January 23, 2013

Vogue Knitting Live Debrief (2013 Edition)

I should've done this Monday, but I was too busy catching up on my sweater and having a battle of wills with a mouse that made its way into my apartment (which, unfortunately, is still going on.  Good news is that I didn't see any evidence from it this morning.  Bad news is that I still haven't caught it, and it escaped one trap and hasn't touched the others I set after that). 

Anyway....onto the Vogue Knitting Live debrief.

In General
I went in expecting more of last year.  It was not.  The whole...feel, I guess is a good word...was different than last year.  Last year was smaller, more fashion forward and had a summery feel to it.  This year was a lot more crowded (on Saturday at least), and the vendors and feel was way more diverse.  In some ways it was like a little Rhinebeck (with many of the same vendors), except with a slight more emphasis on fashion (instead of the more rustic feel of the NYS Sheep and Wool festival, which is to be expected).

I went both days, because like last time I signed up for a lecture on Saturday (and then met my knitting group to trawl around the marketplace), and then I went back to see the shows and the free panels on Sunday (and to trawl around the marketplace alone).  The one constant thing was that the lecture was fun, the panels were interesting (and I got a lot of knitting done), and the fashion shows were mostly horrifying.

The Lecture
I ended up signing up for Manipulating Stitch Patterns conducted by Ysolda Teague.  Unlike the last two times, I've heard of her before (actually, it was her page I found instructions to do those looped button holes for one of my last patterns, which saved my can't-be-bothered-to-plan-for-a-buttonband ass), but that's not why I picked this lecture.  I picked it because for the past four months or so I've been wondering if I shouldn't invest in a stitch dictionary, and if I do, what I will use it for.  You see, I'm pretty picky about my knitting.  There are few patterns I've seen that aren't cables or stockinette that I've liked.  But I keep telling myself I won't do cables in my next project (ha) and I should branch out a little more...or, if I don't find what I like, create it.  It's all easier said than done of course.  So I figured that this lecture should be interesting and help a bit.

While it started late (but it ended on time and provided some laughs, so I don't care), I was happy with it.  While a lot of the tips given seemed somewhat common sense (like calculating a new stitch count when adding or subtracting an element), there were still good tips for me to hear.  One of my major takeaways was an throwaway point, which is that the chart should represent what the pattern will look like.  Her example was a cable chart in that style I'm not too fond of, the one where the cross is a bunch of diagonal lines visually 'representing' the cable.

Now,  I don't like this style because it gets messy with more complicated cables.  I had to read one that had traveling cables, and I found it hard to differentiate between the K2, K2 cables and the K2, P1 cables (putting a tiny dot near the bottom left does not make a clear symbol).  Also, as many of them aren't standardized (despite what the link above tries; you'll notice that they have no traveling cables in there), they vary by just enough that it's confusing.  I can't imagine what a K4 with a P stitch in the middle cable would look like in that notation.  But Ysolda's comment of 'the chart should look like the pattern' made me realize why people like that style: taken together, the chart really does show the cable flow.  It looks like the cable, because many of the symbols look like the shape the knitting makes (of course, there are other similar styles.  Standardization doesn't exist here).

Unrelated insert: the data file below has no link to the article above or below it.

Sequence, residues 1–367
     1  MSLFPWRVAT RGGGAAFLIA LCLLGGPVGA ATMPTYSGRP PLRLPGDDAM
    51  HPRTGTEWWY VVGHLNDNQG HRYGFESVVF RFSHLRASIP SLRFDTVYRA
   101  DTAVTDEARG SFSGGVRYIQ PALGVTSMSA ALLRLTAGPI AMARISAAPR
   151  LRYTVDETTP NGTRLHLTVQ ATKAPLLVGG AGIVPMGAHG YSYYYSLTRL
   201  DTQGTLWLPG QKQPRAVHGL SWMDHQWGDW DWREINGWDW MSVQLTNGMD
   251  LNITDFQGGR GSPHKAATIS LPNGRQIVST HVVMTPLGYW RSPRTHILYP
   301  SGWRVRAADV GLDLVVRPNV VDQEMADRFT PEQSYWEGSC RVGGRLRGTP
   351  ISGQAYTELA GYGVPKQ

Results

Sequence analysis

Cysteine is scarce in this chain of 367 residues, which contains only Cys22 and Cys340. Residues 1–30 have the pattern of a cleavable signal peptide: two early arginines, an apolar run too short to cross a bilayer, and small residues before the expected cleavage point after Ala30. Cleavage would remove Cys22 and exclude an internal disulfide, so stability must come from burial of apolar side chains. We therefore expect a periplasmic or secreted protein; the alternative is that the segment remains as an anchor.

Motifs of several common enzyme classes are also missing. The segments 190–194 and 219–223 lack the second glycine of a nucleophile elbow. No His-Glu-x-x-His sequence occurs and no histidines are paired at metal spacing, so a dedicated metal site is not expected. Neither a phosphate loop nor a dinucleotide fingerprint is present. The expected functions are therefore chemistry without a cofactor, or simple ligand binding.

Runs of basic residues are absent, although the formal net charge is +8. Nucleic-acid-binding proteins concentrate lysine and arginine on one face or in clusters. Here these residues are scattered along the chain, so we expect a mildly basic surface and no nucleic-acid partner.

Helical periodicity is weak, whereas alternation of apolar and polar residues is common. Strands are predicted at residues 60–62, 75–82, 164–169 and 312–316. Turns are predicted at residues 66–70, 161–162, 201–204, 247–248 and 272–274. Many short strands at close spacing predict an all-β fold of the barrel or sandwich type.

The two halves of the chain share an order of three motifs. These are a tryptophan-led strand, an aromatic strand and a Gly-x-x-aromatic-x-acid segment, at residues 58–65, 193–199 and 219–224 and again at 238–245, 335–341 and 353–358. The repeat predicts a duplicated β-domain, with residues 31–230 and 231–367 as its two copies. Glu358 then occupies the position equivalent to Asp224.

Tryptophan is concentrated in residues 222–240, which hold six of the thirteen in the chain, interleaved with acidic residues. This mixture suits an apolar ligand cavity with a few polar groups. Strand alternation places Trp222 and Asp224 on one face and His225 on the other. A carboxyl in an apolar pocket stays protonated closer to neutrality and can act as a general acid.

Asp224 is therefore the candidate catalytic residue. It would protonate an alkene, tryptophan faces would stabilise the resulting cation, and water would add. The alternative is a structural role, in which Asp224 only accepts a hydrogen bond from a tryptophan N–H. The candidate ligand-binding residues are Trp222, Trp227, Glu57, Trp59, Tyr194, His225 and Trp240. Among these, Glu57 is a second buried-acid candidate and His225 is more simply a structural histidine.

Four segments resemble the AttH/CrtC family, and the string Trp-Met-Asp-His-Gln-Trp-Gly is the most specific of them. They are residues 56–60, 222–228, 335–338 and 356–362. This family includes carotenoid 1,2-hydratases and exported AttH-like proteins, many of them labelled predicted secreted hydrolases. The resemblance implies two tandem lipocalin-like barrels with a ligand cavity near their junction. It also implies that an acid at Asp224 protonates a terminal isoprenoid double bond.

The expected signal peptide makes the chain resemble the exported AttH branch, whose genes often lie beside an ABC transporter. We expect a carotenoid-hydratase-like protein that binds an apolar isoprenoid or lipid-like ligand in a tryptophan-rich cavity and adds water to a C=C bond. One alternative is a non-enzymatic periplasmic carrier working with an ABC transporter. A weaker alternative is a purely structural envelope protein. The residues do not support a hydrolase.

She also mentioned, in relation to that point, that the chart shouldn't be a code.  I think that's my biggest pitfall here.  I'm a programmer.  I see charts as codes, I'm conformable with charts as codes, and judge their merits as such.  I like clear, flexible codes over pictorial representation that just complicates matters.  This is why my currently preferred notation is one I learned in Aran Knitting, which looks similar to the chart in this link.

It doesn't really show the pattern when you see it as one object.  But it does give flexibility to represent all types of cables (as any cable uses a variation of the same symbols), and is much easier to write out when I'm pattern drafting (and on the computer without buying special software like she was using in the lecture).  But you do have to learn it and understand it to see the brilliance of it, which doesn't come easy to many knitters.

I also find it funny that crochet is more standerized than knitting in this respect.  But that's another topic for another day.

The other major takeaway I got was that you can fake cables with increases and decreases, and you can use ribbing to do reversible cables.  I had no clue.  That's great to know.

Fashion Shows and the Panels
I only ended up catching two full fashion shows (and bits and pieces of others), but what I saw was pretty much similar to last year.  Weird outfits, modular knitting, garments that don't flatter anything but the coat-hanger models walking down the runway (and then there was this thing.  No excuse for that monstrosity of a cardigan).  Oye.  No novelty yarns this year, though.  And there were a couple more outfits I wasn't revolted by.  Improvement, improvement.

There was two free panels, and I went to both.  One was on being a designer, which while being funny, made me really want to stay an amateur designer.  The other was on the change in knitting culture and where it was going, which was pretty predictable, but wasn't too boring.  Though one panelist had to repeat the whole 'crochet uses more yarn' myth. Ug.

I was good, and only got one skein of yarn:

I bought it because not only was a  'oo, pretty blue!' one of a kind Madelintosh skein, it's from my old LYS (who were there, much to my surprise.  The other surprise was that they remembered me after a year of not going (while I had only been their customer for a little over a year)).

I also got another bottle of Soak to replace the one I left in my old apartment (that I bought last VKLive).  While Woolite might be cheaper, you don't have to rinse with Soak.  And it smells a lot better.

Also, the second day I texted my mom this picture:

It was a joke about big crochet hooks.  The next text I get, however, was 'do they have x size?  I'll pay for it.'  Cue back and forth texts where I realized they were Tunisian crochet hooks and attracted the attention of one of the shop people, who taught me to Tunisian crochet (which isn't that hard, but I also knit and crochet, and it's obviously a weird blend of those things).  I then, while waiting for my mother's answer as to if she really wanted the Tunisian version, got hustled into buying the crochet hook. For $40.